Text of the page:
Rookie receiver class could rival '96 as NFL's best ever


NFL Media analyst Mike Mayock spent the 2014 offseason touting this year's draft class as one of the deepest in recent history, specifically at wide receiver.

Ten weeks into the 2014 season, that loaded wide receiver rookie class is already drawing comparisons to the legendary quarterback Class of 1983 that sent John Elway, Dan Marino and Jim Kelly to the Hall of Fame.

As a whole, the 2014 class is on pace to finish with 190 more receptions, 2,600 more yards and 40 more touchdowns than any class from this century. Already, seven rookies have five or more touchdown catches, the most for any full season in NFL history.

Perhaps the most apt comparison is to the vaunted 1996 wide receiver class that featured a pair of potential Hall of Famers as well as exceptional depth, with nine players topping 500 receptions and 8,000 receiving yards in their lengthy careers.

1996 Rd. Pick Team Receptions Yards TDs
Terrell Owens 3 89 San Francisco 49ers 1,078 15,934 153
Marvin Harrison 1 19 Indianapolis Colts 1,102 14,580 128
Keyshawn Johnson 1 1 New York Jets 814 10,571 64
Muhsin Muhammad 2 43 Carolina Panthers 860 11,438 62
Eric Moulds 1 24 Buffalo Bills 764 9,995 49
Amani Toomer 2 34 New York Giants 668 9,497 54
Joe Horn 5 135 Kansas City Chiefs 603 8,744 58
Terry Glenn 1 7 New England Patriots 593 8,823 44
Eddie Kennison 1 18 St. Louis Rams 548 8,345 42
Bobby Engram 2 52 Chicago Bears 650 7,751 35
David Patten UD New York Giants 324 4,715 24
Jermaine Lewis 5 153 Baltimore Ravens 143 2,129 17

Breaking down the first-year wideouts, Mayock outlined via NFL NOW this week the three primary reasons why "this incredibly talented rookie class has been shattering all perceptions."

The back-shoulder throw, perfected by Aaron Rodgers and gaining in popularity throughout the league, has allowed big-bodied wide receivers with large wingspans to dominate from Week 1. Kelvin Benjamin and Mike Evans, particularly, have gained the trust of their quarterbacks for the ability to beat defensive backs at the point of the catch, outside the numbers.

The NFL's emphasis on illegal contact and pass interference has led to a golden age of passing, as NFL Media's Judy Battista highlighted this week. It's not just that records constantly fall by the wayside in a pass-happy league. The increased scrutiny on defensive penalties has also allowed play-callers to get more creative, stacking raw deep threats such as Martavis Bryant behind another wideout for a free release, thus avoiding the press coverage that has typically flustered neophyte receivers.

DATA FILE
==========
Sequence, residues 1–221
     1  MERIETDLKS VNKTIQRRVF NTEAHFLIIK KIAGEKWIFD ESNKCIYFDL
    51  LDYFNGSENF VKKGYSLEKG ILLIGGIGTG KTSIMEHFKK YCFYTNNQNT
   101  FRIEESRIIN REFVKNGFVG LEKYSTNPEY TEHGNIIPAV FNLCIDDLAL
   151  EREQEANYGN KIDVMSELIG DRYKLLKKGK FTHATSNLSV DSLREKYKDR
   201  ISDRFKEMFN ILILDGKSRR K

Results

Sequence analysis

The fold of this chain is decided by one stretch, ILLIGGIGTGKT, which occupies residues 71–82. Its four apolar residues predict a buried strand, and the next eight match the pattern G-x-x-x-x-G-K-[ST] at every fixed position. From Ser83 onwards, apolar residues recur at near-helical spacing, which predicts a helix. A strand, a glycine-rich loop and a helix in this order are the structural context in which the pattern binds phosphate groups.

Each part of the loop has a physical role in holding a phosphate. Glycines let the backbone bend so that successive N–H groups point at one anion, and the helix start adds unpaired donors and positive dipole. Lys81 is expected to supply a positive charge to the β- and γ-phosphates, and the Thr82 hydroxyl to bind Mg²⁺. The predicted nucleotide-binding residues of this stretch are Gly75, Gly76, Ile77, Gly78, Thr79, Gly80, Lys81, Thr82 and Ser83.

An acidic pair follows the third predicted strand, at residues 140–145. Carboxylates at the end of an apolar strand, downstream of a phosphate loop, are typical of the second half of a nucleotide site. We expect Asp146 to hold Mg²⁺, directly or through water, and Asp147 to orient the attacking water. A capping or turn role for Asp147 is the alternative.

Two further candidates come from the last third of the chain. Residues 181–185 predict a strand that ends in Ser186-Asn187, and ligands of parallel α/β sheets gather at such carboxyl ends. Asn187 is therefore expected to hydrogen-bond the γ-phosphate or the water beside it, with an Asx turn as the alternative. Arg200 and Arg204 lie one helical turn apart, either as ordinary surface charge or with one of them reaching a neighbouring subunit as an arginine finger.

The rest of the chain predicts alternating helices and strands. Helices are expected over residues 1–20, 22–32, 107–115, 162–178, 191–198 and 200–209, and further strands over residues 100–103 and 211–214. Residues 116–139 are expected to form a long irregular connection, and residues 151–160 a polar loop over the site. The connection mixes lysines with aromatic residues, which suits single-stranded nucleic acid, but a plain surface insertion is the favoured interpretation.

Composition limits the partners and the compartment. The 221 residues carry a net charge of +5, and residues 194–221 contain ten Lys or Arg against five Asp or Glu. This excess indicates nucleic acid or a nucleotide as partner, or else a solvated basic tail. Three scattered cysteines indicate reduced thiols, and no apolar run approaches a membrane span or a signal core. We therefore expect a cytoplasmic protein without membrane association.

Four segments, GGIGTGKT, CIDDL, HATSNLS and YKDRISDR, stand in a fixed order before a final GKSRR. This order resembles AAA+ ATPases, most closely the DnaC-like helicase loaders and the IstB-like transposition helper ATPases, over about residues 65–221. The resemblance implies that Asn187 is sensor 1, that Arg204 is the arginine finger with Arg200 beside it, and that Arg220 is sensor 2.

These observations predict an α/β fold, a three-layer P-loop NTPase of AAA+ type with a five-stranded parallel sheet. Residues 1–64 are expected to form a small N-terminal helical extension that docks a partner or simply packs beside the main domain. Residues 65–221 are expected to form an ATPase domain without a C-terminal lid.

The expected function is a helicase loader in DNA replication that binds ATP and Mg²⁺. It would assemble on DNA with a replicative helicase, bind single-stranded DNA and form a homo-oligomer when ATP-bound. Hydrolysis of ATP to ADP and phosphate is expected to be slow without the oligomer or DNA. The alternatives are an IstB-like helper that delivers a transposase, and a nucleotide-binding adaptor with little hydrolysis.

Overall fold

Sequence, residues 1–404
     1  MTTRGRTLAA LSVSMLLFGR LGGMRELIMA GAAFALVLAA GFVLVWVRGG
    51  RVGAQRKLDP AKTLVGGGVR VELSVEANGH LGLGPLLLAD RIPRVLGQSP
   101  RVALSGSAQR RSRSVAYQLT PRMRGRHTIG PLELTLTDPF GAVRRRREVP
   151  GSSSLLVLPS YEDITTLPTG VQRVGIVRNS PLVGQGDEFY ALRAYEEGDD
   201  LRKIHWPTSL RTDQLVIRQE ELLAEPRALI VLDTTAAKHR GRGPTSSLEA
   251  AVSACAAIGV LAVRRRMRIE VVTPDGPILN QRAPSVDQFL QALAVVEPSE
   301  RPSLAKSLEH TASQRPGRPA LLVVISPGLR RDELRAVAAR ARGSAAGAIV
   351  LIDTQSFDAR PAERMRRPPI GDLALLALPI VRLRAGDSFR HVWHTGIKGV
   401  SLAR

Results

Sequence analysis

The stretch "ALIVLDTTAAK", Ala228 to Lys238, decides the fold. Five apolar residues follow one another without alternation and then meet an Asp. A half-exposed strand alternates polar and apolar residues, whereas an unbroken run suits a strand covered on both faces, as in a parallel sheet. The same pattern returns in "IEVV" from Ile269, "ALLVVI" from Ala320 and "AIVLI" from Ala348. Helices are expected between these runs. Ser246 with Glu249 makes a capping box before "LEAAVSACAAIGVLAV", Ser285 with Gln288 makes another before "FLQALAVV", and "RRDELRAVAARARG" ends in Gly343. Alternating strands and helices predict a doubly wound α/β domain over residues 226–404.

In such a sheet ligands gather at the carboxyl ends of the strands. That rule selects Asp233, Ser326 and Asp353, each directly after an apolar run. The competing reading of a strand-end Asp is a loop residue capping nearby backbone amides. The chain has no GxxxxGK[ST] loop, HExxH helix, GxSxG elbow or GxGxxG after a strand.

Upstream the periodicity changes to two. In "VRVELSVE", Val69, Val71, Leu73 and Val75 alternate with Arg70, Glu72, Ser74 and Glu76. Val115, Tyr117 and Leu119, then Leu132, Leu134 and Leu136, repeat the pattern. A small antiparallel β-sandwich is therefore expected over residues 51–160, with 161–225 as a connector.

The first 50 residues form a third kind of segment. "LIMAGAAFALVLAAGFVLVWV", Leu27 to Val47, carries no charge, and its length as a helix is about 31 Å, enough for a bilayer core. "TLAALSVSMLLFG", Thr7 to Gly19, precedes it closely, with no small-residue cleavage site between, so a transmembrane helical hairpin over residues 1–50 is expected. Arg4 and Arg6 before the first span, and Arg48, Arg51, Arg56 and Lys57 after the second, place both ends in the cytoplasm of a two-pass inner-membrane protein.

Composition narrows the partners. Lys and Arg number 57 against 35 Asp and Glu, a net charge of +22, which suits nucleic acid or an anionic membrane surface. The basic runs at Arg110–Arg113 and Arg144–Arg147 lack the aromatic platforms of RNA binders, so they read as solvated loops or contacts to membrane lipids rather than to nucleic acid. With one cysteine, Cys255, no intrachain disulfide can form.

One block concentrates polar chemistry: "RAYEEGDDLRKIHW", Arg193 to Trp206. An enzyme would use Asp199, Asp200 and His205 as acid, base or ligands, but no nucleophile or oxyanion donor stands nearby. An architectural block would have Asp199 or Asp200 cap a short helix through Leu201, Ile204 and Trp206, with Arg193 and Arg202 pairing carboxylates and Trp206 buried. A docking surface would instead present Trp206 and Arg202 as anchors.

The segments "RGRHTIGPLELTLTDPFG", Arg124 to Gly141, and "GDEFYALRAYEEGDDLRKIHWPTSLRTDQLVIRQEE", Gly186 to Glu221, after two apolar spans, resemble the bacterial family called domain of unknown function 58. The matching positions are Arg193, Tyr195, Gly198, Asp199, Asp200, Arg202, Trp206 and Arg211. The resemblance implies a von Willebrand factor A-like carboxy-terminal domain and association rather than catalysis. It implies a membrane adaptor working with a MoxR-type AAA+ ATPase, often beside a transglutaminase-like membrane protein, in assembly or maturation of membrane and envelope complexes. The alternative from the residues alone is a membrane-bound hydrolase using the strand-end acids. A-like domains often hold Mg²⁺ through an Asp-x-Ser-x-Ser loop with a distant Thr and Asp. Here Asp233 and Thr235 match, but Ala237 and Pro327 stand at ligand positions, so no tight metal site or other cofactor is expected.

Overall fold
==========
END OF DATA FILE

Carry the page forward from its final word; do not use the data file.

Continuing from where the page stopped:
Finally, football's transition to a pass-first sport reaches down to the youngest levels. Kids are playing all year, running routes in 7-on-7 tournaments. Coming from an increasingly pass-intensive college game, quarterbacks and wide receivers are more polished than ever by the time they reach the pro ranks.

While it's premature to project any of this year's rookies to match the careers of Harrison and Owens, it's already evident that the 2014 class goes deeper than its 1996 progenitor.

2014 Rd. Pick Team Receptions Yards TDs
Sammy Watkins 1 4 Buffalo Bills 45 649 5
Kelvin Benjamin 1 28 Carolina Panthers 43 659 7
Mike Evans 1 7 Tampa Bay Buccaneers 39 585 5
Brandin Cooks 1 20 New Orleans Saints 48 500 3
Odell Beckham 1 12 New York Giants 25 585 3
John Brown 3 91 Arizona Cardinals 29 399 5
Martavis Bryant 4 118 Pittsburgh Steelers 14 310 6
Allen Robinson 2 61 Jacksonville Jaguars 48 548 2
Jordan Matthews 2 42 Philadelphia Eagles 39 451 5
Jarvis Landry 2 63 Miami Dolphins 42 400 3
Allen Hurns UD Jacksonville Jaguars 30 475 5
Taylor Gabriel UD Cleveland Browns 24 435 1
Donte Moncrief 3 90 Indianapolis Colts 17 218 1
Davante Adams 2 53 Green Bay Packers 25 273 2
Marqise Lee 2 39 Jacksonville Jaguars 13 141 0
Paul Richardson 2 45 Seattle Seahawks 10 72 0
Cody Latimer 2 56 Denver Broncos 1 9 0

Sammy Watkins, Kelvin Benjamin and a streaking Mike Evans are in a heated three-man competition for Offensive Rookie of the Year honors.

On the Week 10 recap edition of the Around The NFL Podcast, we suggested that Odell Beckham might have a higher ceiling than anyone on the list above. A world-class athlete, Beckham has a chance for genuine greatness.

Beyond that four-pack of first-round picks, Bryant has already tied the NFL record for most receiving touchdowns in the first three games of an NFL career. Brandin Cooks is on pace for 85 receptions, which would rank in the top-five all time for a rookie. John Brown's three game-winning touchdowns are already tied for the most in a single season by any player.

Jacksonville boasts a trio of promising wideouts in Allen Robinson, Allen Hurns and Marqise Lee. One start into Mark Sanchez's Philadelphia career, Jordan Matthews is coming off one of the most productive games by a rookie all season. Miami's Jarvis Landry has racked up more yards after the catch than any rookie this season. Davante Adams ousted Jarrett Boykin as Aaron Rodgers' No. 3 target before the end of September.

Donte Moncrief and Cody Latimer, being brought along slowly by Indianapolis and Denver, are two of the most physically gifted receivers in the 2014 class. Both have the potential to emerge as their quarterback's go-to option down the line.

The last time more than one rookie cleared 1,000 receiving yards was 1986. There are three rookies on pace to accomplish the feat this year, with Cooks not far behind.

Time will tell where this year's class ranks among the greatest the NFL has seen. For now, kick back and enjoy the weekly highlights show.

The latest Around The NFL Podcast previews every Week 11 game and recaps the Dolphins' key victory over the Bills. Find more Around The NFL content on NFL NOW.